Who gets “Custody” of a child is a question often asked of our Family Lawyers. In working through who makes decisions about the child, where the child lives and how much time they spend with the other parent or other persons the Court has long abandoned the terms “Custody” and “Parental Rights”. The child has all the rights. The parents have all the responsibilities. Today, the Court’s paramount consideration is the best interests of the child. Over time the Family Law Courts have adopted a legislative pathway in determining parenting cases and this series of articles will briefly cover each step.
How the Court determines time arrangements in a parenting case is greatly affected by whether or not an Order for equal shared parental responsibility is ordered. Equal shared parental responsibility was discussed in our article last week.
According to the Family Law Act 1975 (Cth)(“The Act”), when an Order for equal shared parental responsibility is made the Court must consider making an order for equal time with both parents. This presumption does not apply if equal time is not in the best interests of the child or if equal time is not reasonably practicable. We have spoken about how a Court determines what is in the best interests of a child in the first article of this series.
The Courts and the Act say that “reasonably practicable” means the Court must have regard to:
- How far the parents live apart;
- Parents’ current and future capacity to implement that time arrangement; and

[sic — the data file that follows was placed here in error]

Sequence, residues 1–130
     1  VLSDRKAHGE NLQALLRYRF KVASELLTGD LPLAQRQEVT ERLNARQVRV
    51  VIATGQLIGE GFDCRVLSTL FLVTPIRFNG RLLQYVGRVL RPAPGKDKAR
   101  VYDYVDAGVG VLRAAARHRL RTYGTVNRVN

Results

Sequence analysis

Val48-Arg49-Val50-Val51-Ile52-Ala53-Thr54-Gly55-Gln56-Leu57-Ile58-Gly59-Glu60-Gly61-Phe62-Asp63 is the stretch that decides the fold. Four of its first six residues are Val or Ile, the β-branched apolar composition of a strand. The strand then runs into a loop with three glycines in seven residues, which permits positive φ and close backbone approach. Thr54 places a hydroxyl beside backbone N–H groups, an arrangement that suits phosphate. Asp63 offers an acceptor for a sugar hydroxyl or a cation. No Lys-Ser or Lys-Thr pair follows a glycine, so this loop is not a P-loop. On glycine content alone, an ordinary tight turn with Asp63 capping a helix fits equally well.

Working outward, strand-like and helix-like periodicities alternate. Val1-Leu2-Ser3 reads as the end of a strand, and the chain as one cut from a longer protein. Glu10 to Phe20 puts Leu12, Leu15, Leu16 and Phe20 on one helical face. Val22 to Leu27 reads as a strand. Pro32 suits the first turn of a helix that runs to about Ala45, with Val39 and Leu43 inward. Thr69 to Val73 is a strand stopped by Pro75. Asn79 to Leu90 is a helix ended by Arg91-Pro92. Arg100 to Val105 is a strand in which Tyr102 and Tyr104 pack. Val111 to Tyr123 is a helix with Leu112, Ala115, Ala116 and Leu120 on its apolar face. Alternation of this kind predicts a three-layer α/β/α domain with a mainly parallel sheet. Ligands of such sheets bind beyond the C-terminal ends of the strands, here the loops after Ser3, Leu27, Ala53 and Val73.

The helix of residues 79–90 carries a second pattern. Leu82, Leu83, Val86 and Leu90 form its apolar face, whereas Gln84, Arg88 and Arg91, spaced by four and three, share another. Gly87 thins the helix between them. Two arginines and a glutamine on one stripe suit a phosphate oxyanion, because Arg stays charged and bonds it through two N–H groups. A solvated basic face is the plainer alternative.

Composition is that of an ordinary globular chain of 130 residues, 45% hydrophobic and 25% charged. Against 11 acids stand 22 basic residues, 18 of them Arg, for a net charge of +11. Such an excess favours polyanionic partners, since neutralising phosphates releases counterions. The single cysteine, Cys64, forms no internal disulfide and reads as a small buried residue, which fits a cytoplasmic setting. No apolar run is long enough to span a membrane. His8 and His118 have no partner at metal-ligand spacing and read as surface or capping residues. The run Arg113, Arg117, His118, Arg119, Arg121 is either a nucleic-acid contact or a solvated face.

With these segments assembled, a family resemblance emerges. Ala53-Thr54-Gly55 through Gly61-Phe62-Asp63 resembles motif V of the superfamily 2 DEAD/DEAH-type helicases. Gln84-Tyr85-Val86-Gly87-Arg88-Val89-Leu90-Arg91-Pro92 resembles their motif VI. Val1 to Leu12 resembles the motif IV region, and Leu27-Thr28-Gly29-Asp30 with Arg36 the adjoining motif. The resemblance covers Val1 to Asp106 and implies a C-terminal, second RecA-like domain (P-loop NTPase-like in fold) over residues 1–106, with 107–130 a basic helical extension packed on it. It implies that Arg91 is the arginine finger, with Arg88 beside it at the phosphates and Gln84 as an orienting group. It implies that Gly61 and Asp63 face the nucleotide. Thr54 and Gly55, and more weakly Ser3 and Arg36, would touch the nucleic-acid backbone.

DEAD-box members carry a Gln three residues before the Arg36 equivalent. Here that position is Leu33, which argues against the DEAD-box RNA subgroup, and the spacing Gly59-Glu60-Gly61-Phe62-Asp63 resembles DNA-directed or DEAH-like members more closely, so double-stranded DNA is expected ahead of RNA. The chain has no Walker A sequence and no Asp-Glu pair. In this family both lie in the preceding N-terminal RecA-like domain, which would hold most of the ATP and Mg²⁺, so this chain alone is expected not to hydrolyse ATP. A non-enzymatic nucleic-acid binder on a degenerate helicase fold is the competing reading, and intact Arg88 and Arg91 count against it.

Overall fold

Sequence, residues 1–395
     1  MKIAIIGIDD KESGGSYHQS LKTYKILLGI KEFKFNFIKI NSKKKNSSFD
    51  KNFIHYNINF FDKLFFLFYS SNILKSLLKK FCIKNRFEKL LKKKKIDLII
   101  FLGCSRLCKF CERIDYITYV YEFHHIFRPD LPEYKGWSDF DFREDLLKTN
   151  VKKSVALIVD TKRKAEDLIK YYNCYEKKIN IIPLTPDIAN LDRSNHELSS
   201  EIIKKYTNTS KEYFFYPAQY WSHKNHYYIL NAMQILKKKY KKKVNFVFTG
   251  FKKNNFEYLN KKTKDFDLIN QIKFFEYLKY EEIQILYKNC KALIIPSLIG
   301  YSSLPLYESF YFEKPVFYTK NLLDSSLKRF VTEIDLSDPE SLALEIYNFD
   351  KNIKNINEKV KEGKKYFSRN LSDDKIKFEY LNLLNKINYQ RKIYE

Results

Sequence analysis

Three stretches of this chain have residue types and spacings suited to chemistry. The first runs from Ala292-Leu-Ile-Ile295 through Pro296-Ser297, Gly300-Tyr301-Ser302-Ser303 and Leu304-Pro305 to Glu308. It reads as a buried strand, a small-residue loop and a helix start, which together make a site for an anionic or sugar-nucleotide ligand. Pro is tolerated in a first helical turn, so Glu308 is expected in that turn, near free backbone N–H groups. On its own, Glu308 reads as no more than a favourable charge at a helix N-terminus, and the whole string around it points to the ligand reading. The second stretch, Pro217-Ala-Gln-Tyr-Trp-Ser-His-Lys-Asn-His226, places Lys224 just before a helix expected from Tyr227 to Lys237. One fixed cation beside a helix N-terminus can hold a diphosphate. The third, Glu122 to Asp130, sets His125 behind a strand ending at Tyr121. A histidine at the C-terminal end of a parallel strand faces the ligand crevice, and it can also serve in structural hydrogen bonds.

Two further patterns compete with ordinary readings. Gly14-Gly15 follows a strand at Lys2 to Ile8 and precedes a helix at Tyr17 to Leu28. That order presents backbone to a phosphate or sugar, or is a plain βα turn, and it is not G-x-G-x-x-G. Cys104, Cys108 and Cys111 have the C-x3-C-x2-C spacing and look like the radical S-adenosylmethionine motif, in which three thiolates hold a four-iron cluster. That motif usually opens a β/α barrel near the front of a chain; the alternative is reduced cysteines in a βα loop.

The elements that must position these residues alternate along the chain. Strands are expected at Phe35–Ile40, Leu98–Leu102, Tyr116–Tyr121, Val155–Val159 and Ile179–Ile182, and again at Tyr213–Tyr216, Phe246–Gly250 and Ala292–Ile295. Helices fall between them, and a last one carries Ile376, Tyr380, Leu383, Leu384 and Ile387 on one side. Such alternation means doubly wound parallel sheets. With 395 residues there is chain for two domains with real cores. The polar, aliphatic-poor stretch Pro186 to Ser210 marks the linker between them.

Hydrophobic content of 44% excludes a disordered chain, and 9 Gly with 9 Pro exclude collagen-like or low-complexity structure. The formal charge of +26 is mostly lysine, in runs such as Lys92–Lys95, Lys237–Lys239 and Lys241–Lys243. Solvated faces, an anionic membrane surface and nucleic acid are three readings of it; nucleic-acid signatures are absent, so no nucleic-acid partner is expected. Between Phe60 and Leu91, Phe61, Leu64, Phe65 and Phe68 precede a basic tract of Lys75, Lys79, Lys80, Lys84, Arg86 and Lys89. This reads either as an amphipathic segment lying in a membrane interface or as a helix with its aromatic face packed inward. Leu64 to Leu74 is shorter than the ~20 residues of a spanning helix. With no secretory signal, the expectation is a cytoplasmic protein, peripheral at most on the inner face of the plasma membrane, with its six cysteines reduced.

- Parents’ current and future capacity to communicate with each other and resolve difficulties of that arrangement.
Substantial and significant time
If equal time is not in the best interest of the child or is not reasonably practicable the Court must then consider making an Order that the child spend substantial and significant time with each parent. Time with the child is considered by the Court to be substantial and significant if the time:
- Includes day on weekends and holidays; and
- Includes days not on week days and non-holidays;
- Allows the parent to be involved in the child’s daily routine; and
- Occasions that are of particular significant to the child; and
- Occasions that are of special significance to the parent.
If substantial and significant time is not in the best interests of the child or is not reasonably practicable the Court may make orders regarding time as it sees fit if it is in the best interest of the child.
We recommend you read this article and the last two together to get a basic overview of how a Court considers parenting matters. Parenting cases are a difficult and delicate type of family law case, If you are having issues with another parent about parenting arrangements for a child, call our expert family lawyers now on 4324 7699.